When the world gets closer.

We help you see farther.

Sign up to our expressly international daily newsletter.

Already a subscriber? Log in .

You've reached your limit of one free article.

Get unlimited access to Worldcrunch

You can cancel anytime .


Exclusive International news coverage

Ad-free experience NEW

Weekly digital Magazine NEW

9 daily & weekly Newsletters

Access to Worldcrunch archives

Free trial

30-days free access, then $2.90
per month.

Annual Access BEST VALUE

$19.90 per year, save $14.90 compared to monthly billing.save $14.90.

Subscribe to Worldcrunch

A French Call To Keep Germany In Europe

The "balance of imbalances' between France and Germany is gone, and each must see the new calculus in committing to Europe

Berlin Wall

PARIS - Until the fall of the Berlin wall and the reunification of Germany, France saw the building of Europe as a pursuit of its own politics by other means. More Europe meant more France. If Europe was a "weapon of continuity" for France, it was for Germany (up until Chancellor Kohl), a guaranteed break from its Nazi past. More Europe meant less nationalist temptations for Germany. Despite, or maybe because of this ambiguity, the Franco-German team was overall a success.

As time went by, generations that hadn't witnessed war or the consequences of Nazi Germany, came to power in a reunified country. Germany gradually became a "second France", a country that cared above all about its national interests. In the long term, could Europe survive with "two Frances'?

We are now in a new phase. The balance of imbalances that existed between Germany and France has disappeared. In a 27-member-Europe, weakened by the financial crisis, there is now more Germany and less France. There is also less Europe, at a time when the world has entered a multi-polar era.

As France takes the G20 leadership, it must remember that without a credible and strong Europe, it will quickly lose its voice on the world stage, no matter how good its reforms might be. Europe is the base on which all its members build their foreign policy.

France's problem is not whether it is still playing in the same league as Germany, a question the British media is only too happy to ask, pointing out the differences in the countries' results. France's priority must be to make Europe a credible actor of globalization. This means it must keep the European flame burning in Germany.

"We will have the Germany we deserve," said Joseph Rovan, one of the fathers of Franco-German reconciliation, when he left the death camps. For him, like for Europe's founding fathers it was about transcending the past to build the future. Today, it's about building on Europe's recent past to face today's challenges, "saving the euro to save Europe," most notably. "Keeping a European Germany" is as important for France as "keeping a nuclear Britain," the goal behind the recent security treaties signed by London and Paris.

But how can France convince Germany that it should stay in the euro zone and that its European responsibilities prevail over any other consideration? France can take part in Germany's heated debate in two ways: by showing a firm and clear European dedication, but also a serious and credible economic and social policy.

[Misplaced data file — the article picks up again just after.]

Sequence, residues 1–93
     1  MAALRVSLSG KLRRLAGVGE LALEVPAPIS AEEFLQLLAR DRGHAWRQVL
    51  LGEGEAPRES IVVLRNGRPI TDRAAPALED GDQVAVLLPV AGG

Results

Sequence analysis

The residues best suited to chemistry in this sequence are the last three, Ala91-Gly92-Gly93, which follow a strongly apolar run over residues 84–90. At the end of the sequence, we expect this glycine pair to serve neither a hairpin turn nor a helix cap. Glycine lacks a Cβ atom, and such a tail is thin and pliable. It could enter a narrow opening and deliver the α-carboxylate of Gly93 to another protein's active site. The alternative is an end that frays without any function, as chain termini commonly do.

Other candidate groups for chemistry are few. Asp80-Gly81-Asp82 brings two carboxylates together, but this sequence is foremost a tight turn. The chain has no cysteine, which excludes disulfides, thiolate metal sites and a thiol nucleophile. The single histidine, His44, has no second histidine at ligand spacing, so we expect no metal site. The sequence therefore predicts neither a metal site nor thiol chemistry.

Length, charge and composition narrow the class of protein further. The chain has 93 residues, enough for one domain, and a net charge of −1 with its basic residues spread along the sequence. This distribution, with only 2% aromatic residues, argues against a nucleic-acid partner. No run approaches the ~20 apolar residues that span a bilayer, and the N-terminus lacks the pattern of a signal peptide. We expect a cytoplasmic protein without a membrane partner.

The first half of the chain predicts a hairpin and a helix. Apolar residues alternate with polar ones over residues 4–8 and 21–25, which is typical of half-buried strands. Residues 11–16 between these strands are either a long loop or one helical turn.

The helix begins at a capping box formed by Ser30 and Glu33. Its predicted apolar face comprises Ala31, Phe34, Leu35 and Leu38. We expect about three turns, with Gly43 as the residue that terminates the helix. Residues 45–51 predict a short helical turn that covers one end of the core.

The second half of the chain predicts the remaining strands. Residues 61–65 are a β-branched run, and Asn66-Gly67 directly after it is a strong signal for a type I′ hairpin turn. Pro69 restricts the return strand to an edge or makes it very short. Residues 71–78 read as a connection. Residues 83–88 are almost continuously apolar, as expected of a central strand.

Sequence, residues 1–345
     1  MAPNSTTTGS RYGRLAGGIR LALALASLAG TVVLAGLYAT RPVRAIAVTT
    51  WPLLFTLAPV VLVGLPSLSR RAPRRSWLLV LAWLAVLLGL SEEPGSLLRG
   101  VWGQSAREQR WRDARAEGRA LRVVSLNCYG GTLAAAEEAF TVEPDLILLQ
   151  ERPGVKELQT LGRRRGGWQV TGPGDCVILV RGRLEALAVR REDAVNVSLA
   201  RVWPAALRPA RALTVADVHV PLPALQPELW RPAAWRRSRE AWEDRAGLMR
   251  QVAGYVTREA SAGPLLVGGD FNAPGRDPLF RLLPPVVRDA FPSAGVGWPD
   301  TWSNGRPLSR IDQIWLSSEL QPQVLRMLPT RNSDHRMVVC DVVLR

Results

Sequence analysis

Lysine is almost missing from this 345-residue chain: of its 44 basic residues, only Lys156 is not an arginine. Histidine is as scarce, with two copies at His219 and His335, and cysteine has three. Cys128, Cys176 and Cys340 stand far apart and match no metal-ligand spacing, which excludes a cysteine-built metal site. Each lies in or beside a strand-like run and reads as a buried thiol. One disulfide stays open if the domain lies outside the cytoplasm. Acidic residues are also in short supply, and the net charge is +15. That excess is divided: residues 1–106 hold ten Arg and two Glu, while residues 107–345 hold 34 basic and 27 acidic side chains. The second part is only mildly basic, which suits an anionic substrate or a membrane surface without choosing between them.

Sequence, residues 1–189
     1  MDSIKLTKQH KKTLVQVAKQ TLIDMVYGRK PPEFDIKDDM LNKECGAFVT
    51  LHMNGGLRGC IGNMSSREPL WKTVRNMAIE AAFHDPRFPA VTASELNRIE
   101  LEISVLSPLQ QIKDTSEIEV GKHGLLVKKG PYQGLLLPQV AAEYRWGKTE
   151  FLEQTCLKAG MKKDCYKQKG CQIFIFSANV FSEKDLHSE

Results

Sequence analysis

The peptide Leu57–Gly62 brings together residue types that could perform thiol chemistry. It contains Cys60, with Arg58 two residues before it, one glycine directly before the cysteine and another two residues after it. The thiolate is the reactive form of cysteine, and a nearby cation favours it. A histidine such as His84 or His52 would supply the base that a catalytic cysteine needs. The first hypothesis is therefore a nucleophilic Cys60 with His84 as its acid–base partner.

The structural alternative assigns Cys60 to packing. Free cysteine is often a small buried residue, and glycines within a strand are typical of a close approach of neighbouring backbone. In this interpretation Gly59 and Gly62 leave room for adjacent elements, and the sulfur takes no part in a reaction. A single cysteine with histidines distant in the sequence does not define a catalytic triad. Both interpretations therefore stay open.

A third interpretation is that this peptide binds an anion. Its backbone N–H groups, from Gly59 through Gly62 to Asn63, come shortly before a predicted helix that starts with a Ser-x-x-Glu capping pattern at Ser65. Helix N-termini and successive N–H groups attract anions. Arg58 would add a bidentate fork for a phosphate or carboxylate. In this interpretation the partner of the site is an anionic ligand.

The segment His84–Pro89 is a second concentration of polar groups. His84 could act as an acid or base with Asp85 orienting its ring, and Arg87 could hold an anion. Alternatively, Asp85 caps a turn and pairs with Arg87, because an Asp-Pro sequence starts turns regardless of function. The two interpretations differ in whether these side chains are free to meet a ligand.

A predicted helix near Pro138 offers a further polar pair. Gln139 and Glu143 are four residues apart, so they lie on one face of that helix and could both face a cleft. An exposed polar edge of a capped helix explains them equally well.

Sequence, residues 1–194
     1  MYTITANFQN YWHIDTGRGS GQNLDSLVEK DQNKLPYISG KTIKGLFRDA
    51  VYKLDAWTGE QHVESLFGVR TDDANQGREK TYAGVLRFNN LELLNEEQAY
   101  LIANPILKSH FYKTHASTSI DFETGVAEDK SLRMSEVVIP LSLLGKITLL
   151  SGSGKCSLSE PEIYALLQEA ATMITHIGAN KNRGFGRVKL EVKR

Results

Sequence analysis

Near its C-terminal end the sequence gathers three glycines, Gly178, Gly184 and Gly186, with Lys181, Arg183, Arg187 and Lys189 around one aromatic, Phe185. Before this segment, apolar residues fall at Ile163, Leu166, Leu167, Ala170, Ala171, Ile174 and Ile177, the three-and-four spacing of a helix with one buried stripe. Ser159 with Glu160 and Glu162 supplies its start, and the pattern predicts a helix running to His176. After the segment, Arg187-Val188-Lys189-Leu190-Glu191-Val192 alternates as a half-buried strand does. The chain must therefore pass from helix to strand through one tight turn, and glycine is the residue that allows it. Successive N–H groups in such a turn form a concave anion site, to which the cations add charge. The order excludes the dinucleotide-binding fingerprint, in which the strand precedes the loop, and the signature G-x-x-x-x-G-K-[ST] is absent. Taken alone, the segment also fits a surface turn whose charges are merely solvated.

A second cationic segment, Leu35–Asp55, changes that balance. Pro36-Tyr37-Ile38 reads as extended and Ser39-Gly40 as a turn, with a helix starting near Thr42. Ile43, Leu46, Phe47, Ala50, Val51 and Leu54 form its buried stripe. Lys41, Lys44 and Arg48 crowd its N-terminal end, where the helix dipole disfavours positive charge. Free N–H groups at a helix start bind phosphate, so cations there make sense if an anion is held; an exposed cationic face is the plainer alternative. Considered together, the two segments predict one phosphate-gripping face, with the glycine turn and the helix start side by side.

Trying to keep Germany in Europe is not only a priority in France's foreign policy, it is also necessary for our other international actions to be credible. It is possible to try to make a statement on a case-by-case basis; by selling sophisticated arms to Russia and taking the increasingly dubious bet of Medvedev against Putin. It is possible to play solo on the emerging countries front, India, Brazil, China. But these "policies' are not "a policy". They do not show a long-term strategic vision for Europe, a continent that will shortly represent only 6% of the world population.

Without Germany, there is no Europe; and without Europe, France starts looking very isolated.

Read the original article in French

You've reached your limit of free articles.

To read the full story, start your free trial today.

Get unlimited access. Cancel anytime.

Exclusive coverage from the world's top sources, in English for the first time.

Insights from the widest range of perspectives, languages and countries.


How A Xi Jinping Dinner In San Francisco May Have Sealed Mastercard's Arrival In China

The credit giant becomes only the second player after American Express to be allowed to set up a bank card-clearing RMB operation in mainland China.

Photo of a hand holding a phone displaying an Union Pay logo, with a Mastercard VISA logo in the background of the photo.

Mastercard has just been granted a bank card clearing license in China.

Liu Qianshan


It appears that one of the biggest beneficiaries from Chinese President Xi Jinping's visit to San Francisco was Mastercard.

The U.S. credit card giant has since secured eagerly anticipated approval to expand in China's massive financial sector, having finally obtained long sought approval from China's central bank and financial regulatory authorities to initiate a bank card business in China through its joint venture with its new Chinese partner.

For the latest news & views from every corner of the world, Worldcrunch Today is the only truly international newsletter. Sign up here.

Through a joint venture in China between Mastercard and China's NetsUnion Clearing Corporation, dubbed Mastercard NUCC, it has officially entered mainland China as an RMB currency clearing organization. It's only the second foreign business of its kind to do so following American Express in 2020.

The Wall Street Journal has reported that the development is linked to Chinese President Xi Jinping's meeting on Nov. 15 with U.S. President Joe Biden in San Francisco, part of a two-day visit that also included dinner that Xi had with U.S. business executives.

Keep reading...Show less

The latest